…which brings me to a point I have long wanted to raise with Mises Institute. Mises Inst. is in favor of ‘private’ vs ‘public’ and opposes big govt. and favors privitization etc. All well and good – IF the distinction between govt. and business were real and not illusory. In fact the huge banks and corporations now control all of society’s ‘centers of power’, including of course government in its various myrid guises, manifestation, levels, its alleged separate(sic)branches, etc.

Pretending that govt. and big business are distinct when they are not… ignoring the central (and perennial) problem the world today faces which is the corruption of all social institutions and especially of government by people with money, power, and control seeking, as is their wont, ever more money, power, and control …

I really don’t see how we can hope to solve or at least mitigate the present exceedingly grave problems the peoples of the world currently (and, tragically, so largely unwittingly)face, if we never acknowledge, let alone discuss and attempt to grapple with this central problem of the modern world – the fact that big business and big government are really, behind all the carefully crafted and maintained illusions, but two sides of the same coin.

David Spellman September 22, 2006 at 2:57 pm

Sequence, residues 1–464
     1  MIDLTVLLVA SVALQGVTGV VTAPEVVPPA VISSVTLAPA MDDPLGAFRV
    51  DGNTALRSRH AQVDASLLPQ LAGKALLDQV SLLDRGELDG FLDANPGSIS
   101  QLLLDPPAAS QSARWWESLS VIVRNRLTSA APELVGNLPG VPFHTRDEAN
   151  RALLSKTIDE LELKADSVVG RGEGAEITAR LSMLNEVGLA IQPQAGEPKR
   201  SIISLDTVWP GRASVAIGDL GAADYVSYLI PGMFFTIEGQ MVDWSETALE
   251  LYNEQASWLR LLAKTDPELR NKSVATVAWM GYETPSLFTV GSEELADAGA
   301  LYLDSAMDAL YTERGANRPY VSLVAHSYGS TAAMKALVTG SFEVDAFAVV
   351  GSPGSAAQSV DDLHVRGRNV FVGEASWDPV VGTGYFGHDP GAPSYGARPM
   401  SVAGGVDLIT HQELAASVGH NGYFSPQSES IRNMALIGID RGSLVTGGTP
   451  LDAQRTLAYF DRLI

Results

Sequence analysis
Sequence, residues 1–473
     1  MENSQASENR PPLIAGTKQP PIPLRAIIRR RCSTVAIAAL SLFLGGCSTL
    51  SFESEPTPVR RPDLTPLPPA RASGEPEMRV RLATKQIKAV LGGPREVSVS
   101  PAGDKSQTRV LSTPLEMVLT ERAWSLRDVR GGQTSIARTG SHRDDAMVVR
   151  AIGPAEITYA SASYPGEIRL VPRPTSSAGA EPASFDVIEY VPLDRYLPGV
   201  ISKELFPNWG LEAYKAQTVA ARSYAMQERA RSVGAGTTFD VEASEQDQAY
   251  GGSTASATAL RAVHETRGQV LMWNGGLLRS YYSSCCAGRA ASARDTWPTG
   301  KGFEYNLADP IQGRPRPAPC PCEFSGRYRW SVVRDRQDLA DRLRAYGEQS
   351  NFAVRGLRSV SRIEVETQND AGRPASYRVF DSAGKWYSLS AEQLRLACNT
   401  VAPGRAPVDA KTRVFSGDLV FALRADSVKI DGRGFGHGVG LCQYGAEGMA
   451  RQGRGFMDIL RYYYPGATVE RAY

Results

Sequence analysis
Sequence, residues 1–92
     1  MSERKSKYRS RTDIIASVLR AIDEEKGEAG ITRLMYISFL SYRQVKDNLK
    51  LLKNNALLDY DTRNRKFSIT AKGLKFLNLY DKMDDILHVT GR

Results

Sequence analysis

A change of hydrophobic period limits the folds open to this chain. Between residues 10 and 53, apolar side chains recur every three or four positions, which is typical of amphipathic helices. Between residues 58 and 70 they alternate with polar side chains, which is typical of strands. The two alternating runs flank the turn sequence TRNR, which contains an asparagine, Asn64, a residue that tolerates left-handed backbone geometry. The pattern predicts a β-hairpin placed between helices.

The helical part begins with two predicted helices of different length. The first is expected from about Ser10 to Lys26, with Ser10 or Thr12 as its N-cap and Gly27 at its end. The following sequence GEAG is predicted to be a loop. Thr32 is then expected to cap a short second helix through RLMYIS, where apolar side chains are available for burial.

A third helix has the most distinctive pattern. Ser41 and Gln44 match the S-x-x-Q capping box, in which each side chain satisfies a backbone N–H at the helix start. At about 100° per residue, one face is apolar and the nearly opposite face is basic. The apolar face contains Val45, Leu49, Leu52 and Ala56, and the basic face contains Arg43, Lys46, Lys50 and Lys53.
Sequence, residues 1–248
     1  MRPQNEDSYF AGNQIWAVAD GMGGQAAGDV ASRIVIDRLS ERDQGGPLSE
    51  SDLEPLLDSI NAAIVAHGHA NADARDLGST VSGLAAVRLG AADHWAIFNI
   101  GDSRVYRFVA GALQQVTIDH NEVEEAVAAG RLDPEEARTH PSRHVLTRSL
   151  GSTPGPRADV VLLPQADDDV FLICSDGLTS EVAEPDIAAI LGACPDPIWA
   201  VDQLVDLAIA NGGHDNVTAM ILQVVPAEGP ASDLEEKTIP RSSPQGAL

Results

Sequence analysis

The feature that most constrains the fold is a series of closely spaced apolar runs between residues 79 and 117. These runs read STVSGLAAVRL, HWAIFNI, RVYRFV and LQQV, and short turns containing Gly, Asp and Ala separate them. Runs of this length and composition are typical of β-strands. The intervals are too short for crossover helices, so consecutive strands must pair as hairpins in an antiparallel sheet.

I agree with tawny that the problem we face is that “He who has the gold rules.” It would be nice if the government was a many headed hydra of self-interested powermongers who could be disbanded, but the reality is that the state is an extension of the wealthy class and serves its interests to preserve and expand their control. So long as people trade their liberty for their livelihood, this will continue to be so.

The decade of the 30′s was the age of the Cult of Personality. Germany, Italy, the Soviet Union, Japan, and the United States were under the despotic regimes of godkings. Arguably, the world war resulted from the clash of egos as the self-ordained olympians fought for ascendancy.

The pervasive popularity of computer games like Age of Empires and Civilization demonstrate that the desire to be an omnipotent potentate is a common human aspiration. The difference is that when the leader of a nation decides to play the game in real life, millions–and nowadays billions–can be made to suffer and die to satisfy their ambitions. Thus it behooves us to chop down power and ambition in politics wherever it rears its hydra head.